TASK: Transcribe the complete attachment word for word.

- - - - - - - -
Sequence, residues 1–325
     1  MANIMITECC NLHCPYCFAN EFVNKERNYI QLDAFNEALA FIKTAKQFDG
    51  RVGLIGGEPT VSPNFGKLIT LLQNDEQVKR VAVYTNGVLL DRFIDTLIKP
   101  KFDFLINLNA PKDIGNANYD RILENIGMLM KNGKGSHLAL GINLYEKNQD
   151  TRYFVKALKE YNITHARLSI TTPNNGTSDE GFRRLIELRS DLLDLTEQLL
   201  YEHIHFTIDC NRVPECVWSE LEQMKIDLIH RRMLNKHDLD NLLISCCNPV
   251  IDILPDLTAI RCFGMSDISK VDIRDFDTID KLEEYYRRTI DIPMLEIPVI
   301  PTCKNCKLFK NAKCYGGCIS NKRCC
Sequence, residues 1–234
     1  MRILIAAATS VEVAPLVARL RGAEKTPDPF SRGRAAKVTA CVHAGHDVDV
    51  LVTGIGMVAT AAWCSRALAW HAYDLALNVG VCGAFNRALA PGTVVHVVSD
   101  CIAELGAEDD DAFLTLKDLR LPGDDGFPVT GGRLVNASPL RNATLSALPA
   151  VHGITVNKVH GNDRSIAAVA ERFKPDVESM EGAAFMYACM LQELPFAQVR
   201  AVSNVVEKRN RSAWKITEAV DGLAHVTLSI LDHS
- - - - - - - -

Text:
Sequence, residues 1–325
     1  MANIMITECC NLHCPYCFAN EFVNKERNYI QLDAFNEALA FIKTAKQFDG
    51  RVGLIGGEPT VSPNFGKLIT LLQNDEQVKR VAVYTNGVLL DRFIDTLIKP
   101  KFDFLINLNA PKDIGNANYD RILENIGMLM KNGKGSHLAL GINLYEKNQD
   151  TRYFVKALKE YNITHARLSI TTPNNGTSDE GFRRLIELRS DLLDLTEQLL
   201  YEHIHFTIDC NRVPECVWSE LEQMKIDLIH RRMLNKHDLD NLLISCCNPV
   251  IDILPDLTAI RCFGMSDISK VDIRDFDTID KLEEYYRRTI DIPMLEIPVI
   301  PTCKNCKLFK NAKCYGGCIS NKRCC
Sequence, residues 1–234
     1  MRILIAAATS VEVAPLVARL RGAEKTPDPF SRGRAAKVTA CVHAGHDVDV
    51  LVTGIGMVAT AAWCSRALAW HAYDLALNVG VCGAFNRALA PGTVVHVVSD
   101  CIAELGAEDD DAFLTLKDLR LPGDDGFPVT GGRLVNASPL RNATLSALPA
   151  VHGITVNKVH GNDRSIAAVA ERFKPDVESM EGAAFMYACM LQELPFAQVR
   201  AVSNVVEKRN RSAWKITEAV DGLAHVTLSI LDHS